About our guest blogger, Tamera LeBeau
Tamera LeBeau has a Master Degree in Library and Information Sciences from Florida State University and a BS in Geography from BYU. She currently works as the Assistant Library Director for the Livermore Public Library in Livermore, California.
I loved your review of “The Book of Mormon Girl” I believe it was an act of courage on your part to walk away when faced with that “knot of condradictions”, not knowing how your family would react. Not only do you come from a line of strong women, you are one!
Patty! You made my cold, black heart melt! What a wonderful thing to say to your daughter.
Jerilyn, I agree! Thanks, Mom! 🙂
Great review. I have been meaning to go and purchase this book…I think the time is now. I’m excited to see what else is inside the book
Thanks! I would be interested to hear your thoughts once you’ve had a chance to read it.
Great post Tammy. I have historically held the view that with the LDS church, one is either an active participating member, or out of the church. I am starting to see now that the Church needs to have room for those who are wrestling with their faith and testimony, and wrestling with the ‘status quo’ of the organization. Though its the gospel of Jesus Christ, the organization is run by people who aren’t infallible, and attended by individuals who are each on their own personal spiritual journey. Though I have not read the book yet, it appears that Joanna Brooks is trying to help us understand that one can be an active participating member of the church while also questioning certain long held policies of the Church. Looking forward to what appears to be a good read!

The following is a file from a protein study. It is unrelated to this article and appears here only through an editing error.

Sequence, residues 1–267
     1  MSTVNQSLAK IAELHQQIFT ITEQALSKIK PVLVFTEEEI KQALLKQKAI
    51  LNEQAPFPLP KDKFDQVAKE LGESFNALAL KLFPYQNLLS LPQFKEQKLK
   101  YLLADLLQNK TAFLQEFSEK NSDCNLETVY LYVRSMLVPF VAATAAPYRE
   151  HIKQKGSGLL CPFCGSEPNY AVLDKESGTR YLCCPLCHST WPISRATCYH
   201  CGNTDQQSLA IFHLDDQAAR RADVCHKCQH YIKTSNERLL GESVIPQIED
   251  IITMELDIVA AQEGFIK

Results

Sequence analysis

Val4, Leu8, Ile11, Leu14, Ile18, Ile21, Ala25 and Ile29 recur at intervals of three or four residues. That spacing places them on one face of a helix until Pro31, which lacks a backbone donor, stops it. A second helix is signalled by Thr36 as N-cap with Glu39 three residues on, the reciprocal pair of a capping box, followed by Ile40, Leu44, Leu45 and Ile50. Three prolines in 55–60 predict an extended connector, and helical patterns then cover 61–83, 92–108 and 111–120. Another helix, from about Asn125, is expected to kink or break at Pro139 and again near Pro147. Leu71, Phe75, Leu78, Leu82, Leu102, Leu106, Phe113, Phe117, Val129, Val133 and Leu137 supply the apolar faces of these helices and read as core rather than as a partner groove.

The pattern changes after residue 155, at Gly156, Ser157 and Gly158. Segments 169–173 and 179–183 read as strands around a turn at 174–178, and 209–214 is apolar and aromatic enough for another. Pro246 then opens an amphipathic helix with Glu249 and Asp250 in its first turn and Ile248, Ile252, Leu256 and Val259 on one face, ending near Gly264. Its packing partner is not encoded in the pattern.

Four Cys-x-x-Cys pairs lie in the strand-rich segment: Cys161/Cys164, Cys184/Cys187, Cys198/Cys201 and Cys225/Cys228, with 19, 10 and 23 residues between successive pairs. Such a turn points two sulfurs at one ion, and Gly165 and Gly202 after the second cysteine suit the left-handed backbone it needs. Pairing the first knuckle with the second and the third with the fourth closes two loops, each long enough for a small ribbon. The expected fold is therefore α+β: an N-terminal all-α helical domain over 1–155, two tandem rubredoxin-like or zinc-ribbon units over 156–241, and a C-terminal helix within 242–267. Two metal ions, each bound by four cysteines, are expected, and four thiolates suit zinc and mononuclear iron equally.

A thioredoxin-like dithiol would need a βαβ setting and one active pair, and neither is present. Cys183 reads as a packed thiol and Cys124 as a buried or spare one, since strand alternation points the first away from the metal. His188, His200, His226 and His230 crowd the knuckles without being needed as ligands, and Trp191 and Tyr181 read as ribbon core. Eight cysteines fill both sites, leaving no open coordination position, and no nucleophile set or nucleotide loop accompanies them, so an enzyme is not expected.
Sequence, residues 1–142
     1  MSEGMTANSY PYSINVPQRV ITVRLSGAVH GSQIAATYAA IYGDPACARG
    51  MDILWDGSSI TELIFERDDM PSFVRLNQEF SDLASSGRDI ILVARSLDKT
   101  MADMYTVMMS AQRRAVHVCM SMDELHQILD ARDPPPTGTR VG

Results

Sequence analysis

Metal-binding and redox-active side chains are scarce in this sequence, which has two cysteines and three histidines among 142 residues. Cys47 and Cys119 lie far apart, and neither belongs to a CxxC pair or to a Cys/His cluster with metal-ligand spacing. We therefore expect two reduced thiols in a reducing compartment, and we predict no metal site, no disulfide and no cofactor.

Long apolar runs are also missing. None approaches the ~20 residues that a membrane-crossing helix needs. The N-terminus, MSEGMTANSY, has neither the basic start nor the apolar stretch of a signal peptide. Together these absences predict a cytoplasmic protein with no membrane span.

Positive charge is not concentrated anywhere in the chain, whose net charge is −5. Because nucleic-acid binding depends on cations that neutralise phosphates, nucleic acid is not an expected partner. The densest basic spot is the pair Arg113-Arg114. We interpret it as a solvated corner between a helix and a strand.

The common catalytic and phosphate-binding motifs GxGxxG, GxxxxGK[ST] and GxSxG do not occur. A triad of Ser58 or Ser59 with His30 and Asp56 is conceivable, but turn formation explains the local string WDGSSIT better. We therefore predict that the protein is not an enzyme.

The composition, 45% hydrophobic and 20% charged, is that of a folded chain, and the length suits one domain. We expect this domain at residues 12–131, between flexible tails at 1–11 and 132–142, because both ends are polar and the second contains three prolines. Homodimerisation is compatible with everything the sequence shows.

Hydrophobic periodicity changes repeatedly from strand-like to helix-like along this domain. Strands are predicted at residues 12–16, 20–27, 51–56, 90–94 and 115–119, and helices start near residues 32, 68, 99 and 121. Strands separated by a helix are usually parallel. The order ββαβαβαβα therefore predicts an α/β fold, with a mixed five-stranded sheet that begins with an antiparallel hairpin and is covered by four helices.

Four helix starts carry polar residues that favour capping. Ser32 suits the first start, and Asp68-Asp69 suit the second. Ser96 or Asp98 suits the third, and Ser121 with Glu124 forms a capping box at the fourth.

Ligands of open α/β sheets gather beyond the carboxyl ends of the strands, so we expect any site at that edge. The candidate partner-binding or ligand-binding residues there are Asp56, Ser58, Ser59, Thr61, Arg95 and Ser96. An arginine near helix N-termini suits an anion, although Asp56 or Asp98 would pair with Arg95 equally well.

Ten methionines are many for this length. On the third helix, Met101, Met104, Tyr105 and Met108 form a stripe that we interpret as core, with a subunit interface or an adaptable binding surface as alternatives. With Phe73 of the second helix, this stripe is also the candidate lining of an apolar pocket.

Thanks for your comment, Jenny! You are correct, although personally I would take it even one step further. I think some aspects of what members may typically define as the gospel of Jesus Christ are in part just long held policies which are a product of their time and place. The question is this — after you look beyond all of the policies, what are you left with? I would posit that you are left with something very basic and beautiful, something inclusive and fairly universal. Joanna Brooks held dear the culture of Mormonism in which to express her faith of this truth; but I think beyond the culture, she always held the truths to be of utmost importance. For her, that sometimes meant following her faith against the current culture of the LDS Church, such as with the California Prop 8 issue. Yes, I would definitely recommend this read as a thought provoking approach to modern faith and religion.
Thanks for you input. I recently heard the author on NPR discussing politics and Mormons. I’ve been wondering about her book. I may have to see if my library can get a copy for me. 🙂
Yes, support your local library! 🙂 I read a copy I had checked out from my library, but I liked it so much that now I’m planning to purchase my own copy so I can have it to refer back to.
Tamera, I no longer believe for many reasons: history, Prop 8, boring meetings, arrogance, exclusivity, etc.